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PAM Meets: Oumou Sangaré calls upon Malian and French leaders

PAM met the Malian diva Oumou Sangaré before her concert at the festival Les Suds d'Arles. In words and in song, she takes a stand on the condition of women, the Wassoulou region, and Franco-Malian relations.

There’s no need for us to explain why the Malian singer is a fighter. Oumou Sangaré doesn’t need to demonstrate this either. Just being herself, in the world and on stage, with her openness and boldness is enough. Not to mention how she lights up people’s faces, like those of Arles and elsewhere, when she lets her voice fly. While attending her concert last July, PAM took advantage of the sound check in the heat of the ancient theater to chat with the singer for a few hours before she went on stage.

Sitting on a venerable stone block, in the shade of the trees, she patiently answered our questions, and shed light on the meaning of her songs which, for non-Bambaraphones, deserve some explanations. “Gniani Sara” evokes the strength of women and encourages them not only in the face of daily difficulties but also in the face of the lack of recognition that they suffer everywhere. “Wassoulou Don“, from her latest album, sings about the beauty and richness of Wassoulou, a region that is dear to her and that she has decided to promote by organizing FIWA, the International Festival of Wassoulou, every year. Finally, there is “Kele Magni“, about the harms of war conflict. And in these times of conflicts at home, and with tensions rising between the French and Malian governments, the song bears a newfound importance.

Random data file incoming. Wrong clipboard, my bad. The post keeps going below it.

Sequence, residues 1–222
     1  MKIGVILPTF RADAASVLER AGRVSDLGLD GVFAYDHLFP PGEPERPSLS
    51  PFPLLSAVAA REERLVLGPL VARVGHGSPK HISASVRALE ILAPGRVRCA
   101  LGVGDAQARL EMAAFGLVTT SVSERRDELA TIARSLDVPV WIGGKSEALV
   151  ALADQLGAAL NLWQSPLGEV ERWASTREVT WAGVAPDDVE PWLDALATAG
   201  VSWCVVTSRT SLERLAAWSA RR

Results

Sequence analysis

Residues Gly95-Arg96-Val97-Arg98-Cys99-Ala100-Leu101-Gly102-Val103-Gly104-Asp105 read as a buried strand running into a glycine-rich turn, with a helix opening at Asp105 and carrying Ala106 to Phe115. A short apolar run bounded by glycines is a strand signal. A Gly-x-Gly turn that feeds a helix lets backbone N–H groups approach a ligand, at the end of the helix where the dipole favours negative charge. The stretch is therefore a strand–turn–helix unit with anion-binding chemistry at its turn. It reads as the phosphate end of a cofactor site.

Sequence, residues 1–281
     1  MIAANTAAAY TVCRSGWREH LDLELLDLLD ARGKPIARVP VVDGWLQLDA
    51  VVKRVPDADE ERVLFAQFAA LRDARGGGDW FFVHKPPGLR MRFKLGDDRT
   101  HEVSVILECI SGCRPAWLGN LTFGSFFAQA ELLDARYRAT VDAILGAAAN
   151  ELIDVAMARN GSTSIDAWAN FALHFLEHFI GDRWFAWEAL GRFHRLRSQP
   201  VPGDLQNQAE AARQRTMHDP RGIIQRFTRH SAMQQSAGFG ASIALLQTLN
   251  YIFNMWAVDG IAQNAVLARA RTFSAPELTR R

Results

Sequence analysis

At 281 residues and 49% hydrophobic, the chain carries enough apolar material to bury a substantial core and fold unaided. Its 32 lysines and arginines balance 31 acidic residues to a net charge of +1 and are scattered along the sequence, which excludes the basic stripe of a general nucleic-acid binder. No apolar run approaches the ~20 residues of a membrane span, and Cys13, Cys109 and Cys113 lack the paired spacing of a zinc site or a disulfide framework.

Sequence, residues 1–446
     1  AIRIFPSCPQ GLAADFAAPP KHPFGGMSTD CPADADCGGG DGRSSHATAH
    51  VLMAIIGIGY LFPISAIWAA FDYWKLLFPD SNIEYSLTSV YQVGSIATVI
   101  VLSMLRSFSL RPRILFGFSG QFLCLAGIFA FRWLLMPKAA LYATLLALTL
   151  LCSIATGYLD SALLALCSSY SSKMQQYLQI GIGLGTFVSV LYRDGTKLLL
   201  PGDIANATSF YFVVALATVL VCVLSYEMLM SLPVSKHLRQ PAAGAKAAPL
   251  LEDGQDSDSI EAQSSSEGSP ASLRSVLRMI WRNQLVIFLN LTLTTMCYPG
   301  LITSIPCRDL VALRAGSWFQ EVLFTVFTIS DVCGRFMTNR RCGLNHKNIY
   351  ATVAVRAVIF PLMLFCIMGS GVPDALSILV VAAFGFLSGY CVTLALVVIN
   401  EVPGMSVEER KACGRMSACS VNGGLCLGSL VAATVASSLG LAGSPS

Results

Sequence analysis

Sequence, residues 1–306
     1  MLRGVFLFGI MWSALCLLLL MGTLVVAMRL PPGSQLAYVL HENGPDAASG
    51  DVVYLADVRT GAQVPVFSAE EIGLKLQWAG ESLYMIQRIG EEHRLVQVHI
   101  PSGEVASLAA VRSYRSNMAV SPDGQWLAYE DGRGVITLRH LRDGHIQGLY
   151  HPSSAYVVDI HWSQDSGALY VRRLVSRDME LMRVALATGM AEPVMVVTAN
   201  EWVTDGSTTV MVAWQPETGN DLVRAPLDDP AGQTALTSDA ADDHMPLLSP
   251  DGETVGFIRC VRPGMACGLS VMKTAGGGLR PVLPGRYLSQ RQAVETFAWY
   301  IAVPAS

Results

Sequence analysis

© Stéphane Barbier

When Oumou Sangaré talks about it, we feel moved and understandably irritated: “the politicians have an interest – we shouldn’t even have to ask them – they have an interest in finding the solution, and right away (…) because the French and Malian people live together as if nothing had happened,” she hammered in July, taking on the accents and the grandeur of a griot, which she is not, to invite the leaders of the two countries to reconcile. Since our meeting at the Festival Les Suds, things have hardly improved between the two states. But we feel that she is capable, on this subject, of not giving up, and of continuing to repeat the same message tirelessly, wherever she performs: kele magni, conflict only brings unhappiness, all the more so between such old acquaintances. 

We invite you to enjoy this video (directed by Florent de la Tullaye), with not only the strength of her words but also the power of her music, which knows how to transform frustrations and sad days into celebration and a positive spirit. A great woman who did not have an easy life, starting by singing in the street to sell water, is certainly a figure to follow. Something we do our best to capture in the many years of inspiration she has given us.